Film makers, it is time to accept defeat. Section 181 is gone, baby gone. We have tried to report the ups and downs of this seemingly harmless (in that it is overwhelmingly positive and supported by both sides of the aisle) piece of legislation. At times it seemed like the renewal of 181 was a foregone conclusion; in fact at one point, there was a bill introduced that would have made the tax incentive permanent. Call it bad luck, bad timing, or just plain old U S of A politics, but it looks like we are going to be without this powerful tax incentive for the foreseeable future.
According to our source at the IRS (the original author of the section), 181 is not only not going to be extended, but it is not likely to be reintroduced for several months or even years. The last hope for 181 was its inclusion on the most recent Tax Extender Act. Unfortunately, due to major political issues like the Stimulus Package and Health Care, 181 was left on the cutting room floor.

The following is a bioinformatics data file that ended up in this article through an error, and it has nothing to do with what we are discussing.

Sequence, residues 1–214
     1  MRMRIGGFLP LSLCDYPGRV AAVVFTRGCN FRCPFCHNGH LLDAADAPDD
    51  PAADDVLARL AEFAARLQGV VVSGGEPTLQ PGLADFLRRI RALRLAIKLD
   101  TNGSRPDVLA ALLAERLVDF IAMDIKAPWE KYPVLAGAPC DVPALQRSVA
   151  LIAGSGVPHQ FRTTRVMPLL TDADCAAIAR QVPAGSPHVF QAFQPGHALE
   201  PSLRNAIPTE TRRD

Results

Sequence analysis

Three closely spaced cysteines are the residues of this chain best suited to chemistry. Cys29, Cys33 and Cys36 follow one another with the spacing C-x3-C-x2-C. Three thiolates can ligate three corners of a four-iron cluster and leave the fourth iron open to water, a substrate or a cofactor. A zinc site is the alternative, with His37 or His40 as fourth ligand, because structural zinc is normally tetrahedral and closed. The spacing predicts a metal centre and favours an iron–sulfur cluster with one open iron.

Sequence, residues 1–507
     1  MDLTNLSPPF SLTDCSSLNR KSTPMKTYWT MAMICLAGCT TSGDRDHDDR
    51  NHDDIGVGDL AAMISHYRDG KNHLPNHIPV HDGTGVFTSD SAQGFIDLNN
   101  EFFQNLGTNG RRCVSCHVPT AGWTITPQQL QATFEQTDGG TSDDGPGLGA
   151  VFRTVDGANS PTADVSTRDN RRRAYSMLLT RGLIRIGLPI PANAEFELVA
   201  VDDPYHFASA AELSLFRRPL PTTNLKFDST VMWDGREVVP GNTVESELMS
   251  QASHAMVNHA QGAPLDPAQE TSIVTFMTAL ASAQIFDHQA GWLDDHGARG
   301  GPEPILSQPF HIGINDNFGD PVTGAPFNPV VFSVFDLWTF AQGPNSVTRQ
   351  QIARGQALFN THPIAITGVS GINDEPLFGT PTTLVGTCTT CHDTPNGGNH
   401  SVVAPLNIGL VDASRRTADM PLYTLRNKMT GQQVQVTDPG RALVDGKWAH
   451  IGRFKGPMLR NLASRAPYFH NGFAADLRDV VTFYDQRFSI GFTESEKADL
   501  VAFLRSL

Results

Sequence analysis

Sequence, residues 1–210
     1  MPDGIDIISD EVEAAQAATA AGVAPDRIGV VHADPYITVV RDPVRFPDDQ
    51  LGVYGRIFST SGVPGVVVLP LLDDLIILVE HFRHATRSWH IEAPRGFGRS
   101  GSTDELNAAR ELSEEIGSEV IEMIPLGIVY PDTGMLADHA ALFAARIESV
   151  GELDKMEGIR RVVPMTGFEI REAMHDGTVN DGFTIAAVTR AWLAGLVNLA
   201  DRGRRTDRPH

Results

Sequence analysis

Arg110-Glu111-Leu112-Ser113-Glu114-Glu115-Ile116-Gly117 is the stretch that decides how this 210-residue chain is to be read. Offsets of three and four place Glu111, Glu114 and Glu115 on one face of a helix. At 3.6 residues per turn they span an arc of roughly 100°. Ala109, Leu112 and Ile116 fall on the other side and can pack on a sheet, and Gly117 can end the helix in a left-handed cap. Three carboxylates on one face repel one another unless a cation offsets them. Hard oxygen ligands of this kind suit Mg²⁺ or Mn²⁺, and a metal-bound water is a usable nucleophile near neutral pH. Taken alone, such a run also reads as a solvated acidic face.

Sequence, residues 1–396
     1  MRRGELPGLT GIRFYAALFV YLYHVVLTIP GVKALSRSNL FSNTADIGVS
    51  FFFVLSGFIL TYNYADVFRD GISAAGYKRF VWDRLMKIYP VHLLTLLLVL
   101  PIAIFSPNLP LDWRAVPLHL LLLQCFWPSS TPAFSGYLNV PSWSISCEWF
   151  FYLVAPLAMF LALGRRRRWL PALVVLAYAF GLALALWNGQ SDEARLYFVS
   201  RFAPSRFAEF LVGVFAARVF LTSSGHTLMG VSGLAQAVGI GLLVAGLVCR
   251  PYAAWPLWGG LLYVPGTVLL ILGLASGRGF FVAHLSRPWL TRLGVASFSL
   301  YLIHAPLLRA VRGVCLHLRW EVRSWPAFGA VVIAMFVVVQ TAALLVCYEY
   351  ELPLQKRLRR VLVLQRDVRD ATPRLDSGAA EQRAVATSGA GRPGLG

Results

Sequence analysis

So what can film makers do when making a pitch to potential investors? The best suggestion we have is to rely on the state tax credits. There are still a lot of healthy packages and incentives out there in quite a few states including Michigan, Illinois, and Louisiana. When seeking funds through private placement, language can still be added to the documents highlighting these state tax credits which, when applied for correctly, can lead to real dollars. Those dollars can either be used toward the production budget itself or to immediately pay back your investors.
As always, we stand ready to lend a hand to film makers and offer legal and business advice for those seeking private financing for their projects. Unfortunately, our plan will no longer be able to rely on good ol Section 181 anymore. 😦